Lake Champlain

David Sommerstein/NCPR

Last summer, the country's top professional anglers were catching hundreds of pounds of Bass in the St. Lawrence River for the Bassmasters Elite tournament. Elite series officials deemed it a big success. A study found it generated $1-3 million for the region.

But are tournaments like Bassmasters Elite bad for the fish?

Robert S. Donovan / Flickr

Farmers in the Champlain Valley often use tile drains in their fields. They help the region’s clay soil drain faster and produce higher crop yields. But for years, Lake Champlain has had high levels of phosphorus pollution, which can result in toxic blue-green algae blooms, and farm runoff is one of the primary contributors.

Now scientists are trying to figure out whether there’s a link between tile drainage and phosphorus pollution.

Sarah Harris/Innovation Trail

The Lois McClure is a replica of an 1862 canal schooner that's also a floating museum. This summer she's commemorating 19th century transportation history by traveling from Lake Champlain, across the canal system to Buffalo, down the St. Lawrence river to Montreal, and back again.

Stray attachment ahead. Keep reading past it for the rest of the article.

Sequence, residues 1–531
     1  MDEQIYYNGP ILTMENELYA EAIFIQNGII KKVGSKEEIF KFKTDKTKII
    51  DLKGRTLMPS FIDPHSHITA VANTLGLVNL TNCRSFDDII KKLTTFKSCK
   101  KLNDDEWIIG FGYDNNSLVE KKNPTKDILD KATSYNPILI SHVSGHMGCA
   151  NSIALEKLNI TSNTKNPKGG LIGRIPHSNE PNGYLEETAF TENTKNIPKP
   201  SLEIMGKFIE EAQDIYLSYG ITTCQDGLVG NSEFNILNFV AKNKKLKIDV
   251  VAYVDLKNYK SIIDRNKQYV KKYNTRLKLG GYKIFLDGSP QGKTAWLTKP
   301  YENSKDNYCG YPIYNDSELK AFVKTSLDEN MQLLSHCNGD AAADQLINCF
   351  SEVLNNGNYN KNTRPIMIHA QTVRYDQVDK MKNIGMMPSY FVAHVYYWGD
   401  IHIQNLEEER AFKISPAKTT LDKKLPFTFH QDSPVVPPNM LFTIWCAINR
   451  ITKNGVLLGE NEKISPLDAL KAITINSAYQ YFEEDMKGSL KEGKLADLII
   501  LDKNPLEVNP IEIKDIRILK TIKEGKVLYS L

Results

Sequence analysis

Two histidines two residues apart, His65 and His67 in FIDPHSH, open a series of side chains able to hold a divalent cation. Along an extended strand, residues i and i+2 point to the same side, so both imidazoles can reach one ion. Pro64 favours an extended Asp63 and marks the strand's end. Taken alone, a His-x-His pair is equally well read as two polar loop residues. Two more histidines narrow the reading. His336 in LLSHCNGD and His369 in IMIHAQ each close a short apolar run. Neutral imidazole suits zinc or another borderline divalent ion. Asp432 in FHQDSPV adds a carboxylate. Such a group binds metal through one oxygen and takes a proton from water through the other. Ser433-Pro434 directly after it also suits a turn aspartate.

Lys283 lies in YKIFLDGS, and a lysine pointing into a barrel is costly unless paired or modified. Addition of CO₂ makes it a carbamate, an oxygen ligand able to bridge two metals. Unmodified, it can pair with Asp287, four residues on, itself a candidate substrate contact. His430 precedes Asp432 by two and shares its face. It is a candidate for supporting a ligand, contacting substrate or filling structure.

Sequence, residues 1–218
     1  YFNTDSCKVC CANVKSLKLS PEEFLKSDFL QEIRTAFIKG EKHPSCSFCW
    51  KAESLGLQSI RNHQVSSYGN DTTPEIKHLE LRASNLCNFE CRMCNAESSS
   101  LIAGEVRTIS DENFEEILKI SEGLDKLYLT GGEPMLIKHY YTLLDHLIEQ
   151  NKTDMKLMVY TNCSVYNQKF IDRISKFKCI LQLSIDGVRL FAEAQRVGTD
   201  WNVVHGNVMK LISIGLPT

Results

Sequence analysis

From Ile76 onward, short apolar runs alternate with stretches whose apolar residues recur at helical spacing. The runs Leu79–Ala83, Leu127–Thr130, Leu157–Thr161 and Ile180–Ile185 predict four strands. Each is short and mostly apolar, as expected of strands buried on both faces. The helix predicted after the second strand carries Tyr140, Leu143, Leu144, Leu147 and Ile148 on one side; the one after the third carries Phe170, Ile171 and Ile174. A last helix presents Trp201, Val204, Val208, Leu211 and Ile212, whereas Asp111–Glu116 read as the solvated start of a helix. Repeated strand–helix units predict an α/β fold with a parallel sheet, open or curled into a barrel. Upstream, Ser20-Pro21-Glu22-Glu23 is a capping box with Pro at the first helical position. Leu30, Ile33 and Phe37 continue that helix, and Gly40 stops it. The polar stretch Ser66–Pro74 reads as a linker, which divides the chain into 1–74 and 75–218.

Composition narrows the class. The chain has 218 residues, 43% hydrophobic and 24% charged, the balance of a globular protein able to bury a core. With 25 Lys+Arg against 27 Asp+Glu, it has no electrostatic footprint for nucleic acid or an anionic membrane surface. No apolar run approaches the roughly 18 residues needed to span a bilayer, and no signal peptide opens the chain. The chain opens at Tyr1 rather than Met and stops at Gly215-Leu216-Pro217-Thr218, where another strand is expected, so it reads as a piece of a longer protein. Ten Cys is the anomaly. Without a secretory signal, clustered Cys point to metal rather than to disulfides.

Sarah Harris/NCPR

Lake Champlain is about to get a little cleaner. A new boat — a sort of waterborne honey-wagon — that collects sewage from boaters' tanks was christened yesterday in Burlington.

It’s pouring rain at the Burlington waterfront. But that doesn’t stop about 20 people from coming to watch the launch of Lake Champlain’s newest service boat.

It’s called Champlain’s Ark. And its job isn’t pretty: hauling and disposing human waste so boaters don’t empty their tanks directly into the lake.

James Ehlers, director of Lake Champlain International, says it's a challenge.